On another level charges were presented against various transnational corporations, some of which have subsidiaries in Colombia. Each charge was backed by the testimonies of people who have directly suffered the impact of their activities and by documentary evidence presented by the accusers and witnesses. The Tribunal proceeded to incorporate the documentary and testimonial evidence for its presentation at the final hearing of the Colombia session of the Permanent Peoples’ Tribunal, which will be held in July 2008.
Likewise, and prior to the hearing, a pre-hearing was held in Medellín on February 22 concerning fumigations and the militarization of Colombia, the conclusions of which were presented to this hearing and were added to the charges.
The company Smurfit Kapa – Cartón de Colombia was accused of the violation of human, environmental, social, and cultural rights. Specifically for: destruction of tropical rainforests, Andean forests, and other ecosystems, and for destroying the social fabric, the traditional and cultural means of production of the communities; eliminating and polluting water sources; influencing the formulation of governmental policies in the country and pressuring state officials in favor of the interests of the multinational; hiding information related to the business and manipulating the media as much on a regional scale as a national one; using false propositions, information, and publicity to justify its activities and disguise the resulting impacts; accusing and criminalizing with false arguments those who denounce its misconduct.
The business MULTIFRUITS Inc., subsidiary of the North American transnational DELMONTE, is accused of the practice of an illegal banana agribusiness planned on 22,000 hectares, in which rubber and palm trees will be included on the country house areas of La Balsa, San José, Varsova and Bendito Bocachica; profiting from the settlement of the paramilitary structures in the Balsa since February 26, 1997, which generated the displacement of more than 2500 Afro-Colombians, the ransacking and destruction of their means of survival, and the crime of MARINO LOPEZ as well as the utilization of this site as a center of paramilitary operations, amongst which they tortured, disappeared, and executed civilians, among them several of the 85 victims from this community; in which they maintain control through pressure tactics with the denomination of the "Black Eagles" in spite of the announcement of their demobilization in 2005; they are also accused of irreparable environmental damage to the ecosystem, as well as the taking away of lands for agribusiness, and in regards to the common graves of the victims of crimes against humanity.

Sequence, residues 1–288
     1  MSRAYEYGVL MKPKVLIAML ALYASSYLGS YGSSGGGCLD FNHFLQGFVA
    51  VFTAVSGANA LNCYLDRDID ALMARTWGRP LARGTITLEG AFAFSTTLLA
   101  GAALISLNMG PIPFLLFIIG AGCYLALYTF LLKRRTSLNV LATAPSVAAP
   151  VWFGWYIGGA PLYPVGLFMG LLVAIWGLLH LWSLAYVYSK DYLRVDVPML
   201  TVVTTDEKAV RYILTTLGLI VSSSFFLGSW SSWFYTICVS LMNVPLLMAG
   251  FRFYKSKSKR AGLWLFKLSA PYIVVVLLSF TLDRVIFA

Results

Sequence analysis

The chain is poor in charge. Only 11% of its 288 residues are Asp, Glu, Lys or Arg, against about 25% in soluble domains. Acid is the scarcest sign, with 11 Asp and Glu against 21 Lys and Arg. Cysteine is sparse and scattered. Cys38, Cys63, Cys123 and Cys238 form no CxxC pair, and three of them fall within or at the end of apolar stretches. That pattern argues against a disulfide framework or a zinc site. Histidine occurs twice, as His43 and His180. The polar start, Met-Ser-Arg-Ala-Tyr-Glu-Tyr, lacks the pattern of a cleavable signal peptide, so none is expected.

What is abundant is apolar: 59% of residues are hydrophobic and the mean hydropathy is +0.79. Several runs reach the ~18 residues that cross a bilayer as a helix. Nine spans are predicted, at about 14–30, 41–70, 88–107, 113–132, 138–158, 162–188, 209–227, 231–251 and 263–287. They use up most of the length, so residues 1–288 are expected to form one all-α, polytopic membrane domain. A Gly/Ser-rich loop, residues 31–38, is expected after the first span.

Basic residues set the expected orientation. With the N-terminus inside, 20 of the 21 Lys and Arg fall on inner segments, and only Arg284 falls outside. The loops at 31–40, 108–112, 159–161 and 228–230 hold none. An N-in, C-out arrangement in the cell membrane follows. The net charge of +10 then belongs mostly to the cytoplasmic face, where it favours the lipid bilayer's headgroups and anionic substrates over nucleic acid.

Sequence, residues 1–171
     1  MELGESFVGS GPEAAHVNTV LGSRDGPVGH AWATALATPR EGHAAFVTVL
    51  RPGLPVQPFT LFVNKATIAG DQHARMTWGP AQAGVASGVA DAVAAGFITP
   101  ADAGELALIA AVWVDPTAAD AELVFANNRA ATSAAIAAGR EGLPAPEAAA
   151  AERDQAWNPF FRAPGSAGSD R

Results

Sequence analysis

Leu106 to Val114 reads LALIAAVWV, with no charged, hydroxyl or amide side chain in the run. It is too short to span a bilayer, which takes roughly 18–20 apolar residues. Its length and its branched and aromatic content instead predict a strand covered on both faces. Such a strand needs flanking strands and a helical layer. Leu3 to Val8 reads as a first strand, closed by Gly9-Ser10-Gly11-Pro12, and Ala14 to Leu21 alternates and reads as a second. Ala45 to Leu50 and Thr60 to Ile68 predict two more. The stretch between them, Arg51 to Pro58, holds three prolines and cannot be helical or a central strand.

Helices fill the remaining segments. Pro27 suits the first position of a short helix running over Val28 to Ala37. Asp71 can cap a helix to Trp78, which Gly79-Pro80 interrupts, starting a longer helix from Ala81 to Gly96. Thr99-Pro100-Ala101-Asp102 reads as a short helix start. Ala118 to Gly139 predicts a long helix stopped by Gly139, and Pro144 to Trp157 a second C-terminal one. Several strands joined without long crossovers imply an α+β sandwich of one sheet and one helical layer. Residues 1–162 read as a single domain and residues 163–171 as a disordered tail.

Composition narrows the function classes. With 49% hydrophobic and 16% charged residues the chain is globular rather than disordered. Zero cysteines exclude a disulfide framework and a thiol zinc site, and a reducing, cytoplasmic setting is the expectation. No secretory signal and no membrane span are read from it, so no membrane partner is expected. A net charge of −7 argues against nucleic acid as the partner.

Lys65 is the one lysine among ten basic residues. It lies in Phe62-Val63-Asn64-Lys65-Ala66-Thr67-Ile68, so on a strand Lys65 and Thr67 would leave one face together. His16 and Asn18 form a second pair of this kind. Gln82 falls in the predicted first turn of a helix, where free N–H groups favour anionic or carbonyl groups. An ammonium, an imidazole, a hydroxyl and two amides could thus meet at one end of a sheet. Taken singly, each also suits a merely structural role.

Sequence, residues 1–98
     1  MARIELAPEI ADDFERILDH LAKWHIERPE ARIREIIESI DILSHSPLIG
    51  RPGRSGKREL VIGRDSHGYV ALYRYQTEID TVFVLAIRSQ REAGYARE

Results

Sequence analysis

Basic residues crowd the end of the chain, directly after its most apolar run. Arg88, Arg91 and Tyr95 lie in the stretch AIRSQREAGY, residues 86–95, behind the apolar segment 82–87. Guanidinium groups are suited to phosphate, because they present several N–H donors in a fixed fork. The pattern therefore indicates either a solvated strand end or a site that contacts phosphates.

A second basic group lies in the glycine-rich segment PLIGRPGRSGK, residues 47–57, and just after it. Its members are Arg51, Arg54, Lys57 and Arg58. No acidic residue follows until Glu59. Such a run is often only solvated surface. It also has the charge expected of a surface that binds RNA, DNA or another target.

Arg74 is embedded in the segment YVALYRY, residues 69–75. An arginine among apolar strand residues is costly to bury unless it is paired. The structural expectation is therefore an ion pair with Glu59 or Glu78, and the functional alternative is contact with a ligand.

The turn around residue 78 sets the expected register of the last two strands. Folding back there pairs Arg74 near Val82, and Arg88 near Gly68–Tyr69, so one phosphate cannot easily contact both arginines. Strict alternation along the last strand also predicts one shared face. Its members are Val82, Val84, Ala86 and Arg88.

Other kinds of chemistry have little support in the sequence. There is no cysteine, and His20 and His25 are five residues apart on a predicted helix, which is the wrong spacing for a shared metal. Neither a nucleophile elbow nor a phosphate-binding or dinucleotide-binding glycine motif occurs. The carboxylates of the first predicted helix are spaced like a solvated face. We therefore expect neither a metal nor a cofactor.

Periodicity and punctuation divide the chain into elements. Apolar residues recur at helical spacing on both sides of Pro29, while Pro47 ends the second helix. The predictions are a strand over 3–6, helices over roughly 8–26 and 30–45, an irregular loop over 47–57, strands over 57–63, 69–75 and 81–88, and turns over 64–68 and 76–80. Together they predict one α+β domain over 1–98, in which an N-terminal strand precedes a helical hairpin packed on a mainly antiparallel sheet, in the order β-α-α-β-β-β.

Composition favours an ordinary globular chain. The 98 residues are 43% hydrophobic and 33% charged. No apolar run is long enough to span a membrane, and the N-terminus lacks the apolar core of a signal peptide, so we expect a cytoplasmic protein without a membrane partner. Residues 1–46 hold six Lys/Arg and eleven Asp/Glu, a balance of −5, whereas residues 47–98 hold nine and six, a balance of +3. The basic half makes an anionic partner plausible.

The business PIZANO Inc., and its subsidiary MADERAS DEL DARIÉN, is accused of destructive use, in a mechanized way, of the wood resources of the Cacarica; having caused profound damage in the land, the forest resources, and in the living conditions of the Afro-Colombian communities that inhabit the extraction areas; profiting from the extensive exploitation of wood, affecting principally the formation of forests in the municipalities of Riosucio and Carmen del Darién in the department of Chocó; the indiscriminate exploitation of the "catival" species (Priora copaifera), which is classified as endangered, and the generation of an acute impact on the tropical rainforest, as well as the forced displacement of more than 2500 Afro-Colombians and mestizos and a third of the indigenous population of the region after Operation Genesis, in which the collusion of the paramilitaries of the Autodefensas Campesinas de Córdoba y Urabá (today the Bloque elmer Cárdenas) was evident, and in which mass killings were carried out against the population, their lands and crops were burnt, and extrajudicial executions, sexual violence, and other serious human rights violations occurred. Responsibility was attributed to the Colombian state for its action and omission in crimes against humanity, genocide and terrorism, in all of the demonstrations that noted that they were committed by members of the 17th Brigade of the national army in collaboration with paramilitary groups that are located in this zone as well as for maintaining the impunity for every crime committed against the victims and for not having investigated, judged, or sanctioned in due form the members of the security forces and the paramilitaries which act in collusion with them.